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Challenges in Financing the Future


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by Kusi Hornberger, director of investment research, Global Partnerships

After joining Global Partnerships in June, participating in the 2015 Biennial of the Americas Financing the Future: New Frontiers in Impact Investing clínica as a respondent last month was an interesting way to review the field's current themes and challenges from the perspective of a new role. The discussion was lively, with broad representation from across the impact investing space, including wealth advisors, accelerators and nonprofits. The clínica touched on a number of themes across the industry, but I wanted to share my thoughts on four of the challenges discussed that are most relevant for GP, as well as the impact investing industry as a whole:

  1. Impact investing has emerged—now we need to improve its execution. The growth and amount of capital deployed in the impact investing space is astounding. A report from Bain & Company last year1 found that capital committed to impact investing had increased from $160 million in 2008 to $2 billion in 2013 in Latin America alone. A recent GIIN report, The Landscape for Impact Investing in East Africa, suggests that non-development finance institution (DFI) impact investors have deployed more than $1.4 billion to date in the region through more than 550 deals. Every day more organizations are being formed that seek to raise or deploy capital to invest in ventures aimed at addressing social issues. The challenge now is execution: Over the next five years, industry actors will need to show that impact investing can achieve and maintain scale. Meeting this challenge is at the heart of GP's rigorous due diligence process for new partners, and is how our five funds have achieved 40 consecutive quarters of positive social and financial returns.

     

  2. Despite industry growth, early-stage social ventures still face gaps in funding. There is a funding gap for earlier-stage ventures. Mature investors are less willing to invest at this stage because of a lack of understanding of the business models involved or a lack of confidence in the maturity of the business plans of many earlier-stage social ventures. Organizations like the Eleos Foundation, Endeavor Catalyst and Vox Labs have begun to set up innovative approaches to address this gap, but more resources are needed.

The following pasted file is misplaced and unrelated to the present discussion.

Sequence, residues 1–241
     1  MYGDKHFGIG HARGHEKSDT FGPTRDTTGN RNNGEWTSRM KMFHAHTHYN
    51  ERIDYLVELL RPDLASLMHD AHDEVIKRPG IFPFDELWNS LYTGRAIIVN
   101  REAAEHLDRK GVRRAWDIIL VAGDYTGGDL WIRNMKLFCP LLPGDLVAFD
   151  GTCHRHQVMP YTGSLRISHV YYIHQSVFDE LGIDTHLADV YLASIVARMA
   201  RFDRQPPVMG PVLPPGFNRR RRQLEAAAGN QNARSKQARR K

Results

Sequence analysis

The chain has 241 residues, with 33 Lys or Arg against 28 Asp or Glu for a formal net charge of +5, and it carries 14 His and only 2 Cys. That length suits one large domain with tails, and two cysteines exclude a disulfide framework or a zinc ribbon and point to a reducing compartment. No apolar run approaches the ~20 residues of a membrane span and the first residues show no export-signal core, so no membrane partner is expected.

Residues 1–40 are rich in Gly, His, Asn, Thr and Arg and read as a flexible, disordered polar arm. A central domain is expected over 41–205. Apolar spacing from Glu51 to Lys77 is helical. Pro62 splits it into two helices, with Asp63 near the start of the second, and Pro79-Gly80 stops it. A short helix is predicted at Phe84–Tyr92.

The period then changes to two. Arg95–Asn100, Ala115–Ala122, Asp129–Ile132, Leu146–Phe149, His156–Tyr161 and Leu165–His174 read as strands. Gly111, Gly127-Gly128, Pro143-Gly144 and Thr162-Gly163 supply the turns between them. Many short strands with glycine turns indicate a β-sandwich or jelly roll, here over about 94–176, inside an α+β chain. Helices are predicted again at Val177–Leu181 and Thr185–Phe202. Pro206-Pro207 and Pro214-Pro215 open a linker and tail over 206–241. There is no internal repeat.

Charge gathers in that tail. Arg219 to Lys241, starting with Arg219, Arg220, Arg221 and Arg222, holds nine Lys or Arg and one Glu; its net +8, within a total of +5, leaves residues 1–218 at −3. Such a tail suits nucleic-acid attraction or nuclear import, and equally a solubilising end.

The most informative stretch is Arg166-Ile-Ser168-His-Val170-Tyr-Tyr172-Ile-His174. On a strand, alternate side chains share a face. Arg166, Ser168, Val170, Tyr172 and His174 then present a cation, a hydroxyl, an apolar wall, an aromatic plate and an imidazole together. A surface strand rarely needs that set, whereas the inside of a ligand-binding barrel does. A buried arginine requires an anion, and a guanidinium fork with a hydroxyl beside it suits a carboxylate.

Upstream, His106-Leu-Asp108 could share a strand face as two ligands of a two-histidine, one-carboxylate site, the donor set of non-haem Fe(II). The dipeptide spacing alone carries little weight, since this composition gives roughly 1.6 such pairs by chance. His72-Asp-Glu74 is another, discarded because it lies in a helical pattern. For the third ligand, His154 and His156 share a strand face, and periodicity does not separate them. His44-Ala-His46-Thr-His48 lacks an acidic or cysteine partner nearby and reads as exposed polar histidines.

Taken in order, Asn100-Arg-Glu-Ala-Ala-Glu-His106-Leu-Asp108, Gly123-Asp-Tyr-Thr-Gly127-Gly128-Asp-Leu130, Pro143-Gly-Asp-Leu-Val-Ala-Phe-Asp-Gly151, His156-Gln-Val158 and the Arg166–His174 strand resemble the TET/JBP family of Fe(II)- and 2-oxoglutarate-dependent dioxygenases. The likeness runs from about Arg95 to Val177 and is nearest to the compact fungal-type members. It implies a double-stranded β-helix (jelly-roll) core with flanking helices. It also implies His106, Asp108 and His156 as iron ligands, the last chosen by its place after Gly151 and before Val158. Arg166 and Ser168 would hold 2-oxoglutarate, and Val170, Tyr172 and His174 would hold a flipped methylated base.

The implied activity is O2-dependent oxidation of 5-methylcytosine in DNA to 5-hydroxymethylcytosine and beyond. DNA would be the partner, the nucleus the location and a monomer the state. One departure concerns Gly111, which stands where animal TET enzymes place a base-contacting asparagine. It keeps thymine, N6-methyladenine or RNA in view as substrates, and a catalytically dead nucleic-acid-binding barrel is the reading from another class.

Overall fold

3. Balancing impact evaluation with still-developing metrics. As the industry matures, foundations and DFIs are placing increasing importance on impact measurement and evaluation. At the same time, impact measurement tools such as GIIRs, IRIS and B Analytics are recognizing that the metrics and tools available to impact investors remain inherently imperfect, as they continue to evolve rapidly. To date, metrics have generally been output-driven, when what many impact evaluators strive for is outcomes, which are much more difficult to measure and take time to prove. Overcoming this tension will be a critical challenge for the industry as we move forward. GP reports impact evaluation metrics to IRIS (individuals receiving technical assistance, for example), recognizing that not all of the metrics we track are a perfect fit and trying to control for the possible evolution of metrics over time.

     

  4. Maintaining focus as the industry landscape continues to evolve. Many impact investors have had difficulty focusing their resources, but reaching clarity on what they do and do not do is essential to focusing their investments in the areas where their efforts can have the greatest impact. This can be challenging, but is critical to success as competition increases and the industry continues to evolve. GP's core value, "aim well and follow through," helps us focus carefully on the initiatives and social enterprise partners where our capital can achieve the greatest impact. 

My first two months at Global Partnerships have been exhilarating, as I am now able to focus full-time on an approach to helping reduce poverty I am truly passionate about. Participating in the clínica was a great way to gain perspective on GP's role in the broader impact investing industry and on my role within the team.

After ten years of investment and strategy consulting experience across the public and private sectors, it is gratifying to put what I have learned to work on some of the most important challenges of our day. Namely, how to identify and invest in the most impactful and financially sustainable approaches to economic development in Latin America and East Africa, as well as to support GP's development as a successful impact investor as we—and the industry—continue to grow. I look forward to sharing more of my insights and research moving forward.

1Full disclosure: Kusi Hornberger is one of the report's authors.

Blog Tags: impact   impact evaluation   impact investing   Latin America         

Impact investing relies on strong partnerships with innovative social enterprises.
Kusi Hornberger (at right), GP's new Director of Investment Research, and Sixta García, Portfolio Director, visiting outgrower and agricultural producer INGEMANN's cacao quality lab in Nicaragua. Photo © Global Partnerships

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